I have always loved the universal lessons that we can learn from super heroes. For the sake of this article I will talk about the new Wonder Woman movie based on the DC Comics character Diana Prince. **Spoiler alert: Watch the movie before you read this...
The reason you haven’t heard from me on the SoYoCo blog or in emails in a while is because I have been treading water. As you know, treading water is a form of movement to keep your head above water. The goal of treading water is to keep moving. It’s a survival skill. In life, it’s an effective strategy for getting through times when you are swimming in rough waters.
Since last April I have experienced a series of stressful events that have required my full attention to stay afloat. It started with the floods in the Houston area last April and May that affected our family farm. In October I started a new full time job as a clinical social worker in hospice care. I have taken time to adjust to a new schedule and new responsibilities. In the meantime, my husband and I are still busy taking care of our kids and helping a family member through a medical emergency.
I’m sure you’ve had times in your life where...
This is the second post in a 2-part blog series. To read part 1 with steps 1 & 2 first, go here.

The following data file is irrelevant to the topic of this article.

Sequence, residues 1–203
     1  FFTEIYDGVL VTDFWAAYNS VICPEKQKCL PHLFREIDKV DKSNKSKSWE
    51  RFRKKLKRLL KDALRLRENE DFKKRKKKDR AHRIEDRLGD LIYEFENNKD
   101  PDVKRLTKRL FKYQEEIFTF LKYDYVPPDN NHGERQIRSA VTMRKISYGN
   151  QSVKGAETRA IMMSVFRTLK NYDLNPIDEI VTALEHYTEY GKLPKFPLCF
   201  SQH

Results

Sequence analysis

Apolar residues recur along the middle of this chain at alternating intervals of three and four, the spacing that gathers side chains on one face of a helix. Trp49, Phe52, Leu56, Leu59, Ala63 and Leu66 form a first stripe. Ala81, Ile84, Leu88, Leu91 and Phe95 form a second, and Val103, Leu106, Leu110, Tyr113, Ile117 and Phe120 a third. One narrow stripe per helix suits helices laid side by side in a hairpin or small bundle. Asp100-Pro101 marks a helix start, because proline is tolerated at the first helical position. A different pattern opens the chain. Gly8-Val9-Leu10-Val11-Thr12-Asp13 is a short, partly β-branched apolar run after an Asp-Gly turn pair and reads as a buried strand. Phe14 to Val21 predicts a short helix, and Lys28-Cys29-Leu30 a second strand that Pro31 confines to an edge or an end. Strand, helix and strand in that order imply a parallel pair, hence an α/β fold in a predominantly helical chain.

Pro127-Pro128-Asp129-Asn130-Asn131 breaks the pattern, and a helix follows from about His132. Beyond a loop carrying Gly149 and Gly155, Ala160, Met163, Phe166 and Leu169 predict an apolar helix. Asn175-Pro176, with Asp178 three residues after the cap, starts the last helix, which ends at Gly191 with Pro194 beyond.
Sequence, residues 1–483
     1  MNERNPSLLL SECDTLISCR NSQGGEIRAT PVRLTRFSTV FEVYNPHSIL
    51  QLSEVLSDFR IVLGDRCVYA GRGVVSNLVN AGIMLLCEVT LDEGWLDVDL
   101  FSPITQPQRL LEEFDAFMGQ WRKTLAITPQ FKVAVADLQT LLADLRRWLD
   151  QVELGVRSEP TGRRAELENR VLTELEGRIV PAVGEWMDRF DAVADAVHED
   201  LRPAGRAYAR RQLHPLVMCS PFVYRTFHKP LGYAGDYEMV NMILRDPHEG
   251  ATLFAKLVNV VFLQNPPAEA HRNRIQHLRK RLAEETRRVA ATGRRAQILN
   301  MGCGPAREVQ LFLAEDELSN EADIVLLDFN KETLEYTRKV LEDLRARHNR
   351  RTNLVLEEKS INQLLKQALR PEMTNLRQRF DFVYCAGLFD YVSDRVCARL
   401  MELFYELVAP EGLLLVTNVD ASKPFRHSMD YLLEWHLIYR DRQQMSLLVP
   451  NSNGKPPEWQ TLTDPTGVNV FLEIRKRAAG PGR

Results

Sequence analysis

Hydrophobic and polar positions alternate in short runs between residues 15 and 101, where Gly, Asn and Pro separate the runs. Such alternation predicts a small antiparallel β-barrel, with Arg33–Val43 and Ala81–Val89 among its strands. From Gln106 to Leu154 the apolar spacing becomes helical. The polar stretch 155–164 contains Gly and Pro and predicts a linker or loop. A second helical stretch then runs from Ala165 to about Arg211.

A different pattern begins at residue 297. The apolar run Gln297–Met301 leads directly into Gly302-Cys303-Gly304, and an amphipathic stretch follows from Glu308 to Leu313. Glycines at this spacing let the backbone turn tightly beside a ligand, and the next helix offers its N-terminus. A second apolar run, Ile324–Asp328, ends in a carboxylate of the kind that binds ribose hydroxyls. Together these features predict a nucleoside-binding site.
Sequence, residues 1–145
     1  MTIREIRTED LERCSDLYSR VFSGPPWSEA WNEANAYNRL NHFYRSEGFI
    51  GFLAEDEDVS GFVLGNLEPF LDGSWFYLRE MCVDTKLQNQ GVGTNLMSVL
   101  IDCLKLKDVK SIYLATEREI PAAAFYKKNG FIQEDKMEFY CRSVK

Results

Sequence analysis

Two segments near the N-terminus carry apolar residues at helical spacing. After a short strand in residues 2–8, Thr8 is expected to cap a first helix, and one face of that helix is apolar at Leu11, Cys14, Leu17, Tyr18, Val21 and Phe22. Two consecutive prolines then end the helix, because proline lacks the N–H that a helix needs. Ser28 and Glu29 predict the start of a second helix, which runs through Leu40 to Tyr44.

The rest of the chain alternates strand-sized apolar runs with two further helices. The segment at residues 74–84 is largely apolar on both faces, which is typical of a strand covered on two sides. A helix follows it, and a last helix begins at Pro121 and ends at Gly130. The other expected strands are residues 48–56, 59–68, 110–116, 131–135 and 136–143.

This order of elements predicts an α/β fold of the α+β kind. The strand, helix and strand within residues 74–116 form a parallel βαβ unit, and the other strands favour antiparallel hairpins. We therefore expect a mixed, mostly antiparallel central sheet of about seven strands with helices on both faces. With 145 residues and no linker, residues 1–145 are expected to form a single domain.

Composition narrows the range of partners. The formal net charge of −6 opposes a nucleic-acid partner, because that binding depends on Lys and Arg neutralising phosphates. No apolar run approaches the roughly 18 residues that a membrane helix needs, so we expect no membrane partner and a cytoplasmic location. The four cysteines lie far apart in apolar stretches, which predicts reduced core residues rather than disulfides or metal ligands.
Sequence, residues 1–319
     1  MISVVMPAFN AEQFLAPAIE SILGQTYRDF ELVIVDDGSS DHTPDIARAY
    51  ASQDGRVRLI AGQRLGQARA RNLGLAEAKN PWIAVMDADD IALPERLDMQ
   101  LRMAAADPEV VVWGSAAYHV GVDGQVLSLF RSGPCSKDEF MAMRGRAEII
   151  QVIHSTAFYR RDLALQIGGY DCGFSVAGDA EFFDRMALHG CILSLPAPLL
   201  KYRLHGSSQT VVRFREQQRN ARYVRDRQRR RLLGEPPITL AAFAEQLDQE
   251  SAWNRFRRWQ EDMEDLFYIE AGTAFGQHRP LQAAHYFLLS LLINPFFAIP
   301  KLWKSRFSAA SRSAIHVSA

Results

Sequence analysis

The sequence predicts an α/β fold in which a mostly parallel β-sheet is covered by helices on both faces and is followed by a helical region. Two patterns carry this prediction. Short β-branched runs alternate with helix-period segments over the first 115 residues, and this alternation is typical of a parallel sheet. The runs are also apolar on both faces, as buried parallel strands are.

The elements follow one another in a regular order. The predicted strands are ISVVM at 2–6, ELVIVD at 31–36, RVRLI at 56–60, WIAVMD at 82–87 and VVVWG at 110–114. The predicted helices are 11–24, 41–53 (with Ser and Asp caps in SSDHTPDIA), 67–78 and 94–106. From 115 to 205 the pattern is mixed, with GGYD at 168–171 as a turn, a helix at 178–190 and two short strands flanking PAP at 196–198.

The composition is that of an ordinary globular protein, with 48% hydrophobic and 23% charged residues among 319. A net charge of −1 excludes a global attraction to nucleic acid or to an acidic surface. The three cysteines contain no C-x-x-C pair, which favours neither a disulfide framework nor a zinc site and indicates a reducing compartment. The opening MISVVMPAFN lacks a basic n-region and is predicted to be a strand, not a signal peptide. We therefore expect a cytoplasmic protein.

3. Clear out the clutter
This is where it starts to get real. You may think it’s over once the storm has passed, but there is still work to be done. Floods cause a lot of damage to a home, from drenched belongings to warped floors and the risk of mold growing in your home. You have to clear out the damage before you can do anything else. If your house floods, you need to pull up the carpet or flooring and let everything dry. Sometimes you have to repair the walls by ripping out the drywall – all the way down to the studs.
The same is true with your personal storms. Being swamped with chronic or acute stress causes damage to your body and mind (your “other home”). So how do you clear out the damage? You need to get rid of old habits and clear out the stress and trauma. How? This step takes some serious...
Are you feeling swamped, overwhelmed, and like you are struggling to keep your head above water? This feeling can be brought on by any number of factors:
The list goes on and on. You might even have many factors in your life that combine to create the perfect storm of challenges that makes you feel like you are wading through quicksand.
I live in the Houston metro area and we have experienced two major floods this spring. The rain and flood conditions had an impact on our family and our farm business. The floods gave me new opportunities to practice self care at a much...